A study of first-generation LVADs showed that 75% of patients with Grade III or IV TR developed early RVF post-LVAD placement compared with only 12% of patients with grade I or II TR (32). With the continuous flow HeartMate II LVAD, severe preoperative TR was identified as one of several independent predictors for early biventricular support (30). In a randomized trial of LVAD placement with a similar incidence of moderate to severe preoperative TR in both arms (approximately one-quarter), RVF requiring RVAD placement was low and did not vary between the axial flow HeartMate II and the centrifugal flow HeartMate 3 devices (33). In comparison, when looking exclusively at patients with moderate to severe TR undergoing mostly HeartMate 3 placement without TV surgery, the incidence of severe RVF was higher—inotropic support for more than 14 days was needed in 37.5% of patients, and 14.3% of patients required RVAD support (34). Preimplant TR, in combination with elevated RA pressure and end-organ dysfunction, was associated with an increase in early mortality after continuous flow LVAD placement in a large study of the EUROMACS registry (22). These data underline the early hazards related to significant TR.

Late RVF, occurring in 12% of LVAD recipients, is noted to be a frequent cause of death beyond the first year of implant and linked to worse long-term survival (3537). Preimplantation significant TR was identified as the strongest independent predictor for late RVF; up to 81.2% of patients with late RVF had preimplant moderate or severe TR (38).

3.2. Persistent/residual TR after LVAD placement

Critically, patients with residual TR have been identified to have increased long-term mortality, and the persistence of significant TR after LVAD placement is associated with a decline in RV function (22, 29, 31). Table 1 summarizes studies examining the late effects of TR after LVAD placement.

TABLE 1
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Table 1. Summary of studies examining long-term results with significant preoperative TR that is not corrected at LVAD placement.

Several authors have attempted to identify factors that might predict persistent TR after LVAD placement. In one study, residual TR was associated with preoperative TV annulus diameter but not with leaflet tethering (31). Patients with atrial fibrillation are less likely to see an improvement in TR post-LVAD placement, probably because the etiology of their TR includes RA dilation from atrial fibrillation and is less positively impacted by LVAD implantation (29). Atrial fibrillation has also been weakly associated with a progression of TR after LVAD placement (39).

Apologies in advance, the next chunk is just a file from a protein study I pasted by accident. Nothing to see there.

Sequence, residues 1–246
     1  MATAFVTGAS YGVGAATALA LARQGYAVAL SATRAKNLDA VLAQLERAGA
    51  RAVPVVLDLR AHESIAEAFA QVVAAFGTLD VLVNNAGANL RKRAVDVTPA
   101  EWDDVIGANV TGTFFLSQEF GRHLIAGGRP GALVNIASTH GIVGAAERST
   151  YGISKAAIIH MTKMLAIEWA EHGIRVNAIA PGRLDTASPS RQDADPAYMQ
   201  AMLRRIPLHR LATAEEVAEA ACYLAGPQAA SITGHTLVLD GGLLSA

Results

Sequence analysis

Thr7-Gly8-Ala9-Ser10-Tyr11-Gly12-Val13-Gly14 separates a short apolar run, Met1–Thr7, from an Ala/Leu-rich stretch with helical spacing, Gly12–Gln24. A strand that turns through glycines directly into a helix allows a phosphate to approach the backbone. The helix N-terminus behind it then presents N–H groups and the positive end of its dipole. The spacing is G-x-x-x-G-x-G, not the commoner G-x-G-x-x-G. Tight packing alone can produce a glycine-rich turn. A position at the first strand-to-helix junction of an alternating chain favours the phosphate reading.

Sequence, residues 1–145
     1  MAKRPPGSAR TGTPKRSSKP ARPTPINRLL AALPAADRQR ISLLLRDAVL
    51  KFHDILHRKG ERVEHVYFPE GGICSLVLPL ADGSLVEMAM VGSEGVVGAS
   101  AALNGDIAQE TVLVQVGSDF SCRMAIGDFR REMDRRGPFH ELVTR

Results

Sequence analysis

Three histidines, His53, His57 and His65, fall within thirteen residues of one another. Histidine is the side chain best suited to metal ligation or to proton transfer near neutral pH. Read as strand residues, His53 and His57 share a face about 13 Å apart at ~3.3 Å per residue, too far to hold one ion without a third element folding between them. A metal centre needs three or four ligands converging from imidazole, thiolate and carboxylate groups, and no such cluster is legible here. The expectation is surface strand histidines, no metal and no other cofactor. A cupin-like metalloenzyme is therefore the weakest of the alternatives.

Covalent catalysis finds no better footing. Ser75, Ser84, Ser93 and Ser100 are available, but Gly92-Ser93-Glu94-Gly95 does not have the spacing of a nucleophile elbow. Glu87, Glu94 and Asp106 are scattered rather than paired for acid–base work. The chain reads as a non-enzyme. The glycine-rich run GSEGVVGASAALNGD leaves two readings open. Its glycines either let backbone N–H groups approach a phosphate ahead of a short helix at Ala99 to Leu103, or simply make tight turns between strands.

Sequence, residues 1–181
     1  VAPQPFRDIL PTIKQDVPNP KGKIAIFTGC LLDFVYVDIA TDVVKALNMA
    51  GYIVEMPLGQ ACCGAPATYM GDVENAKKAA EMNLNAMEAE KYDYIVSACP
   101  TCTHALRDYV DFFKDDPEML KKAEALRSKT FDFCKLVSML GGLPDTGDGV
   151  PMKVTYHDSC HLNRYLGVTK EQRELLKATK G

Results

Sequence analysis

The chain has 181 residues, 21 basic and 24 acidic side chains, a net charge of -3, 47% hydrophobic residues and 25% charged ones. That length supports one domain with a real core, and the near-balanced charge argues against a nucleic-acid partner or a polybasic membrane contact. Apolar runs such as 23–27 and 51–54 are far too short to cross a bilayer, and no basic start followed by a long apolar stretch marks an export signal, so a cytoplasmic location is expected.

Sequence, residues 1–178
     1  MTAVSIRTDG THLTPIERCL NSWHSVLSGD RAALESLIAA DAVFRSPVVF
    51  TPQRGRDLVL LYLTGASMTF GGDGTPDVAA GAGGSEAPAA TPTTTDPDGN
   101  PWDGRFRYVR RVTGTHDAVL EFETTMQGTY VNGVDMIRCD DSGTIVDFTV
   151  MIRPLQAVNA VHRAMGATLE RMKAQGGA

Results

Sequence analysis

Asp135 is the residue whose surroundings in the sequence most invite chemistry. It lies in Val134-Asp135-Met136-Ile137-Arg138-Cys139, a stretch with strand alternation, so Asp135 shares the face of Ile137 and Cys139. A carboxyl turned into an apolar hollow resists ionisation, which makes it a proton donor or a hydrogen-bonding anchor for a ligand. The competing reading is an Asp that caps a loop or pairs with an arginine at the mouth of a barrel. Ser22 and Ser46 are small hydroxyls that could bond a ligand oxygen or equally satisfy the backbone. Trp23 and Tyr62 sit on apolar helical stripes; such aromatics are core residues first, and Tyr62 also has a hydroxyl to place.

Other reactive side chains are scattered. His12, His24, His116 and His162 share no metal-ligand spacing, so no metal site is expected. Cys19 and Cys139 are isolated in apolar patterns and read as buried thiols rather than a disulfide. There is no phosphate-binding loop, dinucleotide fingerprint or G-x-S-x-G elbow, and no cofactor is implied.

4. Impact of concomitant TV surgery at LVAD implant

While significant TR is frequently identified in patients undergoing LVAD placement, the decision to opt for concomitant tricuspid valve intervention (TVI) is controversial. Intervention at the time of LVAD placement could consist of tricuspid valve repair (TVr) or replacement. In practice, repair with an annuloplasty ring has been the dominant mode of TVI (40). Performance of a TVI increases cardiopulmonary bypass (CPB) time and may require cardiac arrest; both of which have the potential to increase operative risk and RVF (26, 41).

Initial experience in a cohort with older-generation LVADs showed a reduction in inotrope use, renal dysfunction, and length of hospital stay in patients of the TVI group as well as a non-significant reduction in the use of RVADs (42). A more recent study of continuous flow LVADs comparing concomitant TVI with isolated LVAD placement in patients with severe TR found a decrease in 30-day readmissions with TVI (43). However, there was no difference in RVF, survival, or TR recurrence.

Two small series identified no substantial difference in outcomes for patients undergoing TVI with LVAD placement and those receiving LVAD implants without TVI, but the groups without TVI did not have significant TR, rendering the comparison difficult (44, 45). Others, including a meta-analysis, found no outcome benefit to TVI, including in clinical measures of RVF or survival (21, 41, 46). A recent propensity-matched cohort of the EUROMACS registry identified patients undergoing TVI to have an intensive care unit (ICU) stay lengthened by 4 days with no benefit in clinical outcomes (26). In this cohort, moderate to severe TR was less prevalent in patients with TVI immediately after surgery but became comparable with time.